I’m probably going to cop some backlash for what i’m about to say but I feel somewhat lost and need to express. I’m four episodes down in Netflix’s brand new series Sense8 and I have no bloody idea what it is i’m actually watching…and i’m at breaking point to not continue on.
I don’t actually even know where to begin to describe what Sense8 is actually about. The premise is so jumbled and overflowing with a mass introduction of characters that after the first hour, I couldn’t remember what I had just watched or picked out any specific event that took place with the exception of the opening scene where Daryl Hannah (I assume) gives birth (to something) then shoots herself in the head.
I had to go searching just to find a reasonable explanation of what I had just witnessed and the best I could find was “But the core premise of Sense8 is pretty easy to explain — it’s kind of like X-Men. The show’s central “sensates” (there are eight of them, hence the title) are the next step in human evolution. They live all over the globe, are of all genders and sexualities and races, and only find themselves “activated” after a woman named Angelica (Daryl Hannah) kills herself in the opening moments of the first episode.” – Vox.com
The story-telling in these four hours that I have just watched is so slow and sedated that I feel disoriented and stupid for not understanding something that perhaps is right in front of my face. Yes, these eight strangers have become mysteriously telepathically connected thanks to Daryl Hannah but at what purpose? Even when Naveen Andrew’s shady character was explaining to Cop Will Gorski (Brian J. Smith) about what was happening, the body transference that was taking place from car to car was so extreme that I left the scene even more confused than before.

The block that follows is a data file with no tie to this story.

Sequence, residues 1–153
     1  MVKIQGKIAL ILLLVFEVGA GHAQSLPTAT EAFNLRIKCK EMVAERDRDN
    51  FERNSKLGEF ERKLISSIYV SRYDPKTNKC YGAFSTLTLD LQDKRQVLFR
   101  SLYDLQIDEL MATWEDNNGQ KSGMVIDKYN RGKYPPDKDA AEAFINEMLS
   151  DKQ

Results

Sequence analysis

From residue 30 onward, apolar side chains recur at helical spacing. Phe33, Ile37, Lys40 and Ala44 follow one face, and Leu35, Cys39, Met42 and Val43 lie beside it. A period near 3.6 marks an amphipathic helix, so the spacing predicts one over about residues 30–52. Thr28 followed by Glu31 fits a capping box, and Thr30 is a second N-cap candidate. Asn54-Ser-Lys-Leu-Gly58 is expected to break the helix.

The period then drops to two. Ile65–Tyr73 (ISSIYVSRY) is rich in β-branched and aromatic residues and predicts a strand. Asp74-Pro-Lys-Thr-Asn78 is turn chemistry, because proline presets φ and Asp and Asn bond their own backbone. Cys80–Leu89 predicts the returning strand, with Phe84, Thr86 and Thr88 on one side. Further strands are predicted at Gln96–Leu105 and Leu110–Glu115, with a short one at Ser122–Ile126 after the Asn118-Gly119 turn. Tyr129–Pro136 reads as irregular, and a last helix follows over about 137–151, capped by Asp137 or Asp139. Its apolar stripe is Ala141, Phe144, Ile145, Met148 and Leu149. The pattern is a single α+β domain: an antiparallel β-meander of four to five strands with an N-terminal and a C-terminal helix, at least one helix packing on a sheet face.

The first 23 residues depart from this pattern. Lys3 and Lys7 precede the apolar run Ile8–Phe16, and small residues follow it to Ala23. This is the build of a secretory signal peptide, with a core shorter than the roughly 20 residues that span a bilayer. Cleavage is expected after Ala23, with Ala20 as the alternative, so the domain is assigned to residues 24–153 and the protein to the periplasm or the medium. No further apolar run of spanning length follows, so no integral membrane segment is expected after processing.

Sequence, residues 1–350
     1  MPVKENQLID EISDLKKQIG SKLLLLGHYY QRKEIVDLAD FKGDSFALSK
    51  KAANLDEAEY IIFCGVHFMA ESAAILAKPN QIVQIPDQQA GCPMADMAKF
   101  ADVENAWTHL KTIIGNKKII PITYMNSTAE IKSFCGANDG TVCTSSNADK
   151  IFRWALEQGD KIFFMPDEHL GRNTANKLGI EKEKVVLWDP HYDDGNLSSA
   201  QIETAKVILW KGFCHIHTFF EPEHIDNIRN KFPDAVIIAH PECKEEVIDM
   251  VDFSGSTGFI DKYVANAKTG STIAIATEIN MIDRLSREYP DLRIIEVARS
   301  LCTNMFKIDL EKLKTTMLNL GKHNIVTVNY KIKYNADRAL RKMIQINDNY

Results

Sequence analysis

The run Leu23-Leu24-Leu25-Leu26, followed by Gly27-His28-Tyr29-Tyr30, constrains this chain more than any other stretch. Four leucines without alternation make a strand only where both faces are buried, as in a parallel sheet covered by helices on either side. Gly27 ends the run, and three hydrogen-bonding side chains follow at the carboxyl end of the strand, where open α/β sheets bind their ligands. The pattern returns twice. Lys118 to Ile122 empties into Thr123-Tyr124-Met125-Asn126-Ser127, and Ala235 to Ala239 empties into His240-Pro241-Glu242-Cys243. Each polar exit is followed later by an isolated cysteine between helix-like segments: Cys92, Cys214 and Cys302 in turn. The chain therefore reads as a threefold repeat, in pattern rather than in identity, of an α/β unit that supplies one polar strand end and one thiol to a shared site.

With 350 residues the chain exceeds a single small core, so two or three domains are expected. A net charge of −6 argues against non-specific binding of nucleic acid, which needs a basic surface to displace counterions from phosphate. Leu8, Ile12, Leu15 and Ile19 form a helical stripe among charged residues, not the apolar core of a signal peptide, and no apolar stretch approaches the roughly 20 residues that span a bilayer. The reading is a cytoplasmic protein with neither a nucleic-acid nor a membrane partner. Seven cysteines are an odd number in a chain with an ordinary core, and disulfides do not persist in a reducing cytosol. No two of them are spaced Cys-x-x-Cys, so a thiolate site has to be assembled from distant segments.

The problem I’m seeming to come across with Sense8 is it’s over-reaching want to be flashy and artsy yet character driven but it’s at the sacrifice of moving the story along at a relatively respectable pace. Why is it, that a quarter of the way though the series i’m sitting here asking myself “what the bloody hell is going on?”
Even when I asked my twitter followers about whether or not I should indulge in Sense8, the replies weren’t at all revealing…
@AnthoBuzzTV its strangely riverting. Nothing to do with the sex scenes of course!!
I will applaud the incredible diversity in characters and casting for Sense8. The trans-lesbian, the South Korean banker-slash-martial arts queen, the closeted Mexican actor, the African Van Damme bus driver, the Icelandic drugged out DJ…there’s not a cast like it on television, but the downside to such a big roster is trying to knit these eight personal dramas into one wearable jumper and sadly, to me, it feels like a jumper made for an octopus (see what I did there?!).
Part of me is hopeful that if I continue into hour five of Sense8, suddenly everything becomes crystal clear, but, there’s that dreaded feeling of knowing that after giving four hours of my life, there’s still no revelation or light at the end of the tunnel.
Are you struggling like me? Am I missing something major and just an idiot for not seeing it? Sound off in the comments below!